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Of the most common imaging modalities for breast cancer diagnosis - mammogram (MAM), ultrasound (US), magnetic resonance imaging (MRI) - it has not been well established which of these most accurately corresponds to the histological tumor size. To determine which imaging modality (MAM, US, MRI) is most accurate for determining the histological tumor size of breast lesions. A retrospective study of 76 breast cancers found in 73 female patients who received MAM, US, and/or MRI was performed. 239 charts were reviewed and 73 patients met inclusion criteria. Analysis was performed using signed rank tests comparing the reported tumor size on the imaging modality to the tumor size on pathology report. Mammography and ultrasonography underestimated tumor size by 3.5 mm and 4 mm (p-values < 0.002), respectively. MRI tends to overestimate tumor size by 3 mm (p-value = 0.0570). Mammogram was equivalent to pathological size within 1 mm 24% of the time and within 2 mm 35% of the time. No one single modality is the most accurate for detecting tumor size. When interpreting the size reported on breast imaging modalities, the amount of underestimation and overestimation in tumor size should be considered for both clinical staging and surgical decision-making.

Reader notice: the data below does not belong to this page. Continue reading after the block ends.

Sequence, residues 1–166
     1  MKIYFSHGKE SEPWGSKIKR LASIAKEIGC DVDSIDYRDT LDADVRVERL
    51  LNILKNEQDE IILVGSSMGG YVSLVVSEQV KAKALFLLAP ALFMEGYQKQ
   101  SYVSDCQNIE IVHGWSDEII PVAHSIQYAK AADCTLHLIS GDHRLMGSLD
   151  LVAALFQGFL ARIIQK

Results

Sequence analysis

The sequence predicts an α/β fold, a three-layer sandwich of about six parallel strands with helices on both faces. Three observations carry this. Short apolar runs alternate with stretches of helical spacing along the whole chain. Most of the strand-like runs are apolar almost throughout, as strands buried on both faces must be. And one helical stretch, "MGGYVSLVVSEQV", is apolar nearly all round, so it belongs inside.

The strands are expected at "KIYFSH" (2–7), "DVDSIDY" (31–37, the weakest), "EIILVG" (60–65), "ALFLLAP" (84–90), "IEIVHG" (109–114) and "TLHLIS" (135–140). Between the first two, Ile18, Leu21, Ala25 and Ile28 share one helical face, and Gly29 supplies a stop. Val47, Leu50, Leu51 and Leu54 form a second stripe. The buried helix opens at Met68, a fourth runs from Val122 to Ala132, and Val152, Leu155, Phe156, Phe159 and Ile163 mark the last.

Olutayo Sogunro, Constance Cashen, Sami Fakir, Julie Stausmire, Nancy Buderer. Detecting accurate tumor size across imaging modalities in breast cancer. Breast disease. 2021 Apr 22

PMID: 33935051

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